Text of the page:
A meta-analysis was just published in the Journal of the American Medical Association, Association of LDL Cholesterol, Non–HDL Cholesterol, and Apolipoprotein B Levels With Risk of Cardiovascular Events Among Patients Treated With Statins, March 28, 2012, Boekholdt et al. 307 (12): 1302 — JAMA, that suggests setting statin dosage by the non-HDL cholesterol, rather than LDL, as is more commonly done.
They looked at a number of studies and tried to determine the effect (in terms of increase in cardiovascular “events” per standard deviation change) for three measures: LDL cholesterol, non-HDL cholesterol, and apolipoprotein B. They found that non-HDL cholesterol was the best predictor of risk (hazard ratio of 1.16 per standard deviation, compared to 1.13 for LDL cholesterol and 1.14 for apolipoprotein B). That means for each standard deviation of increase in non-HDL cholesterol, there is a 16% higher chance of a major cardiovascular event (which includes myocardial infarctions, strokes, and unstable angina).
I looked at my own LDL and non-HDL levels from my most recent blood tests and saw that I was near the average of the top quartile for both, making my hazard ratio (relative to the bottom quartile) 1.26 based on LDL and 1.42 based on non-HDL. That means I have about a 42% higher chance of a stroke or heart attack than someone with the same age, gender, body mass index, … whose non-HDL levels were in the bottom quartile.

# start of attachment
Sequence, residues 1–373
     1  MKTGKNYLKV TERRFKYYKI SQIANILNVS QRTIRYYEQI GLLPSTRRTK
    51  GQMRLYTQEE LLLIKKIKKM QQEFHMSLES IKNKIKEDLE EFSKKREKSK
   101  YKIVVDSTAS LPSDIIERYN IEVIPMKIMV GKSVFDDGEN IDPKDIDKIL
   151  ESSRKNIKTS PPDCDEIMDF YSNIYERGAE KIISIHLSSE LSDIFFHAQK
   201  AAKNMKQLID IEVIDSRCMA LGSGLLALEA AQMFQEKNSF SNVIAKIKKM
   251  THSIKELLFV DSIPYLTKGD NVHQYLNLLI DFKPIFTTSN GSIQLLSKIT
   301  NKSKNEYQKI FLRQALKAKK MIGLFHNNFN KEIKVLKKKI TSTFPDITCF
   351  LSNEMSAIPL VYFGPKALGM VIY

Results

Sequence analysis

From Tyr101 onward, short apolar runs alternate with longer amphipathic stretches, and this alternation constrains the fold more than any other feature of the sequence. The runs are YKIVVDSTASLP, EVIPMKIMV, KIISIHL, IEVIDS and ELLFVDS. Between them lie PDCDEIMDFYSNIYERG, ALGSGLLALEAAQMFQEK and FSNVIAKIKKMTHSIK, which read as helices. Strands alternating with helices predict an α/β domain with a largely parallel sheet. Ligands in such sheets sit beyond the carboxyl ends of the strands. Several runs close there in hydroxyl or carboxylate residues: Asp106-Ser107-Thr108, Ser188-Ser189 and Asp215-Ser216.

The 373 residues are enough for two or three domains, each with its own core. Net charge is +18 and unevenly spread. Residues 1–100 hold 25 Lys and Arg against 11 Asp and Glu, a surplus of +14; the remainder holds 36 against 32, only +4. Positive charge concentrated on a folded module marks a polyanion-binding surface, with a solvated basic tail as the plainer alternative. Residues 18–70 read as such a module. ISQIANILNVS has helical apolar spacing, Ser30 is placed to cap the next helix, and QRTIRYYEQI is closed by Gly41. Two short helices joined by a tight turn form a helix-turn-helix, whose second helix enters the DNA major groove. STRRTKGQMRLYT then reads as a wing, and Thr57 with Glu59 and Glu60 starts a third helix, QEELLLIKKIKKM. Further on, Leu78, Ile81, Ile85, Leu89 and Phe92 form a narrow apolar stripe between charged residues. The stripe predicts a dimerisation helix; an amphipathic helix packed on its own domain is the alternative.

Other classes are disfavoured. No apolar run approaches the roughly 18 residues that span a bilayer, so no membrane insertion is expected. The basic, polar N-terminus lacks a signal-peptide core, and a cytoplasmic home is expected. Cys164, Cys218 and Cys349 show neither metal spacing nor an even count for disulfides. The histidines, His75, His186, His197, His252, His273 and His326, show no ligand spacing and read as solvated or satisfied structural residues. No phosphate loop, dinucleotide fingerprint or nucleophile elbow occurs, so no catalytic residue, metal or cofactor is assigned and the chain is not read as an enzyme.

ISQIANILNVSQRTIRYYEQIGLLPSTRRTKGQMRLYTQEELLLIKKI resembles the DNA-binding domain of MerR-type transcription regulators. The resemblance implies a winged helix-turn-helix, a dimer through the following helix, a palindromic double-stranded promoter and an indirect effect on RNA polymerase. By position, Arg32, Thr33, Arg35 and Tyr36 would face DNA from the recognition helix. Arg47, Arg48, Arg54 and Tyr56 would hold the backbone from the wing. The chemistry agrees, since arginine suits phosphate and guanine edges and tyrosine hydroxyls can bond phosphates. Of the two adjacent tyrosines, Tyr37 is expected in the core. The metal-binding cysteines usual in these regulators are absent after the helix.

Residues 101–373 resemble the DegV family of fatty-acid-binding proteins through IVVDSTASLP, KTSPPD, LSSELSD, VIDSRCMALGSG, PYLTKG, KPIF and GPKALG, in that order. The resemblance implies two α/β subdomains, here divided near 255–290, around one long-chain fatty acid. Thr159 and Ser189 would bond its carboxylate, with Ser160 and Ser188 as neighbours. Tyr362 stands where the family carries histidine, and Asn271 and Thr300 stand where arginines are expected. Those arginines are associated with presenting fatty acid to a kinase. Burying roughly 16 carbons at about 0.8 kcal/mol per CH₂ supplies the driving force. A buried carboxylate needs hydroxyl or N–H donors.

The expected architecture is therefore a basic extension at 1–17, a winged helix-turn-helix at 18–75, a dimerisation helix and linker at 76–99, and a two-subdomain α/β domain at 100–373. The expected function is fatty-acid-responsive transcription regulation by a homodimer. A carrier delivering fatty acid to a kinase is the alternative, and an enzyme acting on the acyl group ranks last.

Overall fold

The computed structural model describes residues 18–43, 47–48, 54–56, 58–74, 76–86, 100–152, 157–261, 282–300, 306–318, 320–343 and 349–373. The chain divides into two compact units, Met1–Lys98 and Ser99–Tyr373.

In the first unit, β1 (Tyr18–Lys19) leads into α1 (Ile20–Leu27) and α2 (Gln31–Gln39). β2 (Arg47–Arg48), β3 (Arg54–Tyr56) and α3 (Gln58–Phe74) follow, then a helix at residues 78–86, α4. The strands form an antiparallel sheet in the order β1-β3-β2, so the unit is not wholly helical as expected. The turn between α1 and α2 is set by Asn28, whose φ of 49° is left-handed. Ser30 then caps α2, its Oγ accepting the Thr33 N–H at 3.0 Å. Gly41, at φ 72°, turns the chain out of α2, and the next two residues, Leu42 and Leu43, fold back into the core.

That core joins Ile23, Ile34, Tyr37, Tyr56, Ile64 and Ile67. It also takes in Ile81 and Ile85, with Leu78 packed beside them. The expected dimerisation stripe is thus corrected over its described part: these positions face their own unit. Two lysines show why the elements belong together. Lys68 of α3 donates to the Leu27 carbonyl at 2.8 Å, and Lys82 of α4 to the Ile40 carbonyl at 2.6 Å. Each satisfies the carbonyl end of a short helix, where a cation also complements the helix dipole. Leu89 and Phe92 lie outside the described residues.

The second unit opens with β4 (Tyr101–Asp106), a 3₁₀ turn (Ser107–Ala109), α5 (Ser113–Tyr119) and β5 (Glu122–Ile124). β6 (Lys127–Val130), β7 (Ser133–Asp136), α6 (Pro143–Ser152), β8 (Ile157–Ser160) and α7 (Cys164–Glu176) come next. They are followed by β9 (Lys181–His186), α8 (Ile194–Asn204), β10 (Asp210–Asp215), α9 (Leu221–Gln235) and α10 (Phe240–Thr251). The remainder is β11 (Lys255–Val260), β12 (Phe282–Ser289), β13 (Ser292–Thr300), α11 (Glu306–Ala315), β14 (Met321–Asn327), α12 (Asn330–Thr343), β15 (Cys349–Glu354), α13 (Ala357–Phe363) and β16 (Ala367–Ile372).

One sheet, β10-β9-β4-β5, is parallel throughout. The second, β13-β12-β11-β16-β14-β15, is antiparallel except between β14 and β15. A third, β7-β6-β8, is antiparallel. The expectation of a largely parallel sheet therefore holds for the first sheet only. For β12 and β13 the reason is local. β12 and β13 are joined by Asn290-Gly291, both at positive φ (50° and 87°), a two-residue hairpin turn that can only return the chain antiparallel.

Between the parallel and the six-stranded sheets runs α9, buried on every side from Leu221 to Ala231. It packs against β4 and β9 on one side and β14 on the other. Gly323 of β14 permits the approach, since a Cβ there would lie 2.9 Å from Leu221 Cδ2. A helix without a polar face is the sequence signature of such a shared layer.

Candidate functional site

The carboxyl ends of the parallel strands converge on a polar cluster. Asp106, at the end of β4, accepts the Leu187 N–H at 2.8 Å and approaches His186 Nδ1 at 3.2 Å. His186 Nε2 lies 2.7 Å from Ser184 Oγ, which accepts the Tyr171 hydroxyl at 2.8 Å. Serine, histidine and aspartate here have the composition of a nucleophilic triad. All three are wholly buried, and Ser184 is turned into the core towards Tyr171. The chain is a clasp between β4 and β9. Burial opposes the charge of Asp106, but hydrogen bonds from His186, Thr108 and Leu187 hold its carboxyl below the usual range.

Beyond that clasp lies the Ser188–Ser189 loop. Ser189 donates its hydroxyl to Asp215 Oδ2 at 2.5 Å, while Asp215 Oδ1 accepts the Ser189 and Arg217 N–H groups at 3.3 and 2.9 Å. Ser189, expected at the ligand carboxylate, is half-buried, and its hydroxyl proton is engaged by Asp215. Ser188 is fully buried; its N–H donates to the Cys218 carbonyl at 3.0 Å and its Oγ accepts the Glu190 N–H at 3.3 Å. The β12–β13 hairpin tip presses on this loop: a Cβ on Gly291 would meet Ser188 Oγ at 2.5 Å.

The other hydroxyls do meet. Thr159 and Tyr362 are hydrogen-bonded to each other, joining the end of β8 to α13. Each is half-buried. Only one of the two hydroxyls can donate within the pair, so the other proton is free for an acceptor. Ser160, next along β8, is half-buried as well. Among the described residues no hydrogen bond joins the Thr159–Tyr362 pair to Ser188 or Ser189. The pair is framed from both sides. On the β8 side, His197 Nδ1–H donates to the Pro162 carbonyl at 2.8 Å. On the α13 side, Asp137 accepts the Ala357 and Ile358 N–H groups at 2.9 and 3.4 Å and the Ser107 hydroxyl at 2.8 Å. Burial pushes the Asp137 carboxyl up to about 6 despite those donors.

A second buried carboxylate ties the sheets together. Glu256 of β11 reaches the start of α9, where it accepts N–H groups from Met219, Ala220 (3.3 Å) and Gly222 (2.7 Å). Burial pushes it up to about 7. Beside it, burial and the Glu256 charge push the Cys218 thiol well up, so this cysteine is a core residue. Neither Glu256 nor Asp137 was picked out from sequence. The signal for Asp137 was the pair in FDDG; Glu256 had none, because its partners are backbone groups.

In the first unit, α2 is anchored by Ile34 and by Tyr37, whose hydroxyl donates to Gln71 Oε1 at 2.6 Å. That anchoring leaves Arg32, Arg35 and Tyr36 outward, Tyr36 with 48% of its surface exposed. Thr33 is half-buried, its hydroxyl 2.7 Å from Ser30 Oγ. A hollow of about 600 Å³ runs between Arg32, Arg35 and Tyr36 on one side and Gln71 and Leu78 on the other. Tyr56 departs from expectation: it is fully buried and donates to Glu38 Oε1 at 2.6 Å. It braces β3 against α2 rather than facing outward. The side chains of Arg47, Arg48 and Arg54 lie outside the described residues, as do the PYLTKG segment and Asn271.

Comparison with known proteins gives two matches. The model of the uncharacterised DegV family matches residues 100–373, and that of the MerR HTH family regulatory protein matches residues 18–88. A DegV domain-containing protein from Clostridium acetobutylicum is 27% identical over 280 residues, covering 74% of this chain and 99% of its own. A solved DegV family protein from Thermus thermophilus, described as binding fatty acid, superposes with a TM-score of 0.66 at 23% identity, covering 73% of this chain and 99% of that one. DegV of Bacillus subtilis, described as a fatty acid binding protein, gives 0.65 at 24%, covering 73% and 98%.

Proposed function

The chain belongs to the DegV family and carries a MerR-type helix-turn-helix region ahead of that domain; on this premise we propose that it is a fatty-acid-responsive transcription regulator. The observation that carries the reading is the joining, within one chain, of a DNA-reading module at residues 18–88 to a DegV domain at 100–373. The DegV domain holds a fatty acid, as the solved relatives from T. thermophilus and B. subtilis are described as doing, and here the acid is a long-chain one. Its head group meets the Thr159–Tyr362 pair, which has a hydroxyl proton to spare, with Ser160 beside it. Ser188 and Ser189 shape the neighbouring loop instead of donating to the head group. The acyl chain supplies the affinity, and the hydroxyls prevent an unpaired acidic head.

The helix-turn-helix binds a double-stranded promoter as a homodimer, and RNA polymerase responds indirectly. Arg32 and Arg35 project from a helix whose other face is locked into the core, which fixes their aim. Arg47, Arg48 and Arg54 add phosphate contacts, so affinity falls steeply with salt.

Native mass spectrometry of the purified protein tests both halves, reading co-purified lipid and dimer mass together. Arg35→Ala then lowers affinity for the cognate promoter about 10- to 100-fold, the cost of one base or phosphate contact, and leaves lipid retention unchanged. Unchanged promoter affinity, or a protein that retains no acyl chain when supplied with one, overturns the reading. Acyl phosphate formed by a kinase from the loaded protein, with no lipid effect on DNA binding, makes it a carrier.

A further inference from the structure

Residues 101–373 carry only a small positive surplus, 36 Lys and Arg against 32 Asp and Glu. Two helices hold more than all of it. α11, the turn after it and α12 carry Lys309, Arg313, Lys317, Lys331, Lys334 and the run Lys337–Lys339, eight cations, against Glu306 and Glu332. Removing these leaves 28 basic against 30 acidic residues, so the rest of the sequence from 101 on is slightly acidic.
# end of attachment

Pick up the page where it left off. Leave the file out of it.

What I don’t know is whether more aggressive statin therapy is warranted in my case. How does the increased risk of liver or muscle damage from higher doses of statins compare to decreased risk of heart attack or stroke? Other than the inherited high cholesterol levels, the only risk factors I have are being male and over 55—I get a fair amount of aerobic exercise, don’t smoke, am not overweight, and don’t have high blood pressure. According to online cardiac-risk factor calculators, my risk of a heart attack (or death from coronary heart disease) in the next 10 years is 8%–12% (depending on which calculator I use and what it considers). Small changes in cholesterol (about what is achievable based on my 20 years of statin usage) can move me more solidly into the 8% risk category, but not really reduce the risk lower than that. If the calculations were based on non-HDL cholesterol, they might assess my risk slightly higher.